Thanks to the metal chassis in black and chrome, the exterior design appears to be influenced by vintage muscle cars or motorcycles. This also provides a feeling of solidity, as do the controls, which aren’t made from plastic or rubber as they are on almost every other amp in its class. It’s clear that corners were not cut in the build-quality department to keep the amp at a certain price point. Another cool aesthetic occurs when the power switch is flipped on: The front logo glows red, as does the 12AX7 tube which is displayed through a small window on the top of the amp.
Best of Both Worlds
The Vandall-500’s front panel is packed with things I’ve always appreciated from several other brands. The ultra-hi and ultra-low switches found on vintage Ampeg SVTs are represented here with boost/cut 3-way switches centered at the right frequencies (10 kHz and 60 Hz, respectively). There is also a character control, which, on many amps, is a one-stop shop for quick EQing by starting flat and scooping the EQ curve as it turns. The character control on the Vandall-500, however, is completely different. The amp features both a solid-state preamp and a tube preamp that can be engaged at the same time, and the character control on the Vandall-500 functions as a blend/mixer between the two.
The amp has a parametric midrange section with a range of 250 Hz to 1.5 kHz, and 12 dB of boost/cut available. Another standout feature of the Vandall-500 is its “MLO” (mid-level optimization) midrange system. According to Taurus, it ensures “the most accurate proportion of medium frequencies in accordance with your manual settings of bass and treble.” The system also ensures that boosting the low end won’t boost the overall volume, which is the case with many other amps.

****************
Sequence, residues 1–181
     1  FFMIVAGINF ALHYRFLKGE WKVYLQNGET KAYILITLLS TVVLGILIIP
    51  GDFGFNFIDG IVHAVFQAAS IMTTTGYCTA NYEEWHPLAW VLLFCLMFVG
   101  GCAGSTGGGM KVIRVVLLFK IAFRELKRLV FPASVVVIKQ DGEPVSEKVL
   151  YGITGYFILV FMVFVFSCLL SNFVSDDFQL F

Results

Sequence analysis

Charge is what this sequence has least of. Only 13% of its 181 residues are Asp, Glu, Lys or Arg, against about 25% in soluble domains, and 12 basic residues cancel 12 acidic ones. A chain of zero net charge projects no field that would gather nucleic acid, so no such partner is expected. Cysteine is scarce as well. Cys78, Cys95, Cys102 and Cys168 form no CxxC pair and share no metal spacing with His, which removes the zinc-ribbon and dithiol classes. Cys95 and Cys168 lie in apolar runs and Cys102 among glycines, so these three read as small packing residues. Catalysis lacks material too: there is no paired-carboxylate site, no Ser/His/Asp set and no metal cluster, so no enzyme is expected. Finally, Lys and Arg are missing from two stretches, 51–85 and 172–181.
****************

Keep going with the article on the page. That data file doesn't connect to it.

I like the inclusion and layout of the indicator lights on the far right side of the amp, which display standby/protection, power-amp clipping, and on/mute. Around back on the rear panel, there’s a DI with ground lift, a pre/post line out, and a user-friendly DI level control.
With a Sandberg TM5 in hand, I paired the Vandall-500 with a Mesa Boogie Subway 1x15 cabinet and started out with all the amp’s tone-effecting controls at noon. My first impression was of a clean and warm sound. When I played slightly harder, I could hear the tube compressing ever so slightly and adding more warmth, but my bass still retained definition and punch.
Interestingly, the initial tone with both preamps mixed and the flat EQ projected a character very reminiscent my first pro-level bass amp: a ’94 Eden World Tour 800. A 12AX7 tube doesn’t provide the same sweetness in all amps and pedals, but with the Vandall-500, the tube is shown in its best light by providing very subtle character and equally subtle compression when not driven hard. Using the amp’s 3-way bass switch added just the right amount of sub-lows for pick playing and reggae stylings, without cutting the mids dramatically. Meanwhile, the 3-way treble switch provided modern sheen to the high end without being shrill in any way. Both switches offer excellent options for re-EQing the amp on the fly.
To go after a different kind of tone, I turned the character control all the way to the tube-preamp side and went for tube distortion instead of tube warmth. By setting the gain control to about 3 o’clock and cutting some mids, I was rewarded with a vintage, heavy, and fuzzy tone that still retained the sound of the string. With this much gain, I barely had to breathe on the master volume to get the Vandall-500 to sound muscular, loud, and even throughout the tonal range. That said, the sensitivity level of the volume control might be a littletoo much for some players.